Issue 24.2, May 2009


Essay Excerpt -

Over the early part of the new millennium, The Upstairs rose up to become one of the biggest bands in Indonesia, with their second, full-length album released on Warner Music. They all dress in pastels, wear moptop haircuts, and era-blend mod scooter-driving aesthetics with the large, white sunglasses and furry legwarmers of 1980s MTV, bringing their brand of other peoples’ nostalgia to the rest of Indonesia.  As if reversing the terms of the “imperialist nostalgia” Renato Rosaldo has famously discussed, The Upstairs seem to long for the childhood musical experiences that form the backdrop of other peoples’ bands, for access to those varieties of cultural and symbolic capital  that afford a dominant position in the pop culture hierarchy to groups from America, Europe, and (occasionally) Japan. The nostalgia of indie bands is a strategic nostalgia, a nostalgia of those denizens of the industrializing world seeking to take their place on the global stage, while simultaneously positioning themselves locally as sophisticated in their tastes and middle-class in their sensibilities. It is as much a spatial as a temporal nostalgia, a longing for what lies just beyond easy reach.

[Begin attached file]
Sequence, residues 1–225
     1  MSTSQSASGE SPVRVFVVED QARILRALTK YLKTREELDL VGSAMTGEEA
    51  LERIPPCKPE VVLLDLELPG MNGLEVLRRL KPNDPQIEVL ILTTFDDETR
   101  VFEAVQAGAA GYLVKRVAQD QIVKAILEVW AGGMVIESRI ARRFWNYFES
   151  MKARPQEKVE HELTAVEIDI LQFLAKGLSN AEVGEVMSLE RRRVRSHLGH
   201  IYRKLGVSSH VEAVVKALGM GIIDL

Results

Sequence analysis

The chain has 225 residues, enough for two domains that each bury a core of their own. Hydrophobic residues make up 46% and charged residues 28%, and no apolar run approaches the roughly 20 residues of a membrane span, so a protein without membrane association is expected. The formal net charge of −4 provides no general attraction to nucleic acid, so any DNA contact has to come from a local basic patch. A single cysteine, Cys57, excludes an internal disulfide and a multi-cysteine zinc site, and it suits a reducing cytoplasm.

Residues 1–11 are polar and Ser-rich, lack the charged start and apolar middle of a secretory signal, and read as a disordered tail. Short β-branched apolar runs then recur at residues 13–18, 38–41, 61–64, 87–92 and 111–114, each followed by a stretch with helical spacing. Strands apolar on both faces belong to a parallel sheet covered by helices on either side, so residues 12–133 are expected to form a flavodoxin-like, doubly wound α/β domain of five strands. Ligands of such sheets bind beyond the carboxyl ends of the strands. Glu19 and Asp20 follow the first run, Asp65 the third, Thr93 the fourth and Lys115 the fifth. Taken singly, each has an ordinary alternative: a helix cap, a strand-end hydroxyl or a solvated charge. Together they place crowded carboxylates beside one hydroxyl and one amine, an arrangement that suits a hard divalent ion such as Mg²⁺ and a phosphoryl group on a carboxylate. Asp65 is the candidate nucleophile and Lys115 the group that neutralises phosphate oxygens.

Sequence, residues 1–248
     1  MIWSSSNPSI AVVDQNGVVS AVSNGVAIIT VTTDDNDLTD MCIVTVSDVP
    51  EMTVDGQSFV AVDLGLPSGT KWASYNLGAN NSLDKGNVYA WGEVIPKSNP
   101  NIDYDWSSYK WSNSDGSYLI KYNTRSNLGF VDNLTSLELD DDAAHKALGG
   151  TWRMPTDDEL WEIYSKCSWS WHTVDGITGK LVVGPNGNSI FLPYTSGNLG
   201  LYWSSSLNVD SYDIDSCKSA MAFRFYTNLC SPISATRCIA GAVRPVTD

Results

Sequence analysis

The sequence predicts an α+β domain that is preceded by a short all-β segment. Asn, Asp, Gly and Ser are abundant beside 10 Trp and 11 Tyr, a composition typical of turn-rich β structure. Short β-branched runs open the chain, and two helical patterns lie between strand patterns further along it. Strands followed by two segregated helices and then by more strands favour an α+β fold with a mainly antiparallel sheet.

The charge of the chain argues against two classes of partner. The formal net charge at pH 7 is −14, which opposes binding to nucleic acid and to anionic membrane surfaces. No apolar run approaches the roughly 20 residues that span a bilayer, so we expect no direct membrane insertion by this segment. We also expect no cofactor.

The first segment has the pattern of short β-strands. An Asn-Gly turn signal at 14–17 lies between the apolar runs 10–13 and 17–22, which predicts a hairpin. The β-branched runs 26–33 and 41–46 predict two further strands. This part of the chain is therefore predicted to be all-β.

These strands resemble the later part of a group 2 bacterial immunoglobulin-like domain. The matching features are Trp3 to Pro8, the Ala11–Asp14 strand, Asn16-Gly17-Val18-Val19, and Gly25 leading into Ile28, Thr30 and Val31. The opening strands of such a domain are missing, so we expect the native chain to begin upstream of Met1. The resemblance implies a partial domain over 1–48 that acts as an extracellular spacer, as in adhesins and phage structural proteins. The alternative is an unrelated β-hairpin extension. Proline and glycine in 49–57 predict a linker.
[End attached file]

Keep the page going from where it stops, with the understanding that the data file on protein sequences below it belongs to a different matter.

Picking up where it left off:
-- Brent Luvaas, “Dislocating Sounds: The Deterritorialization of Indonesian Indie Pop”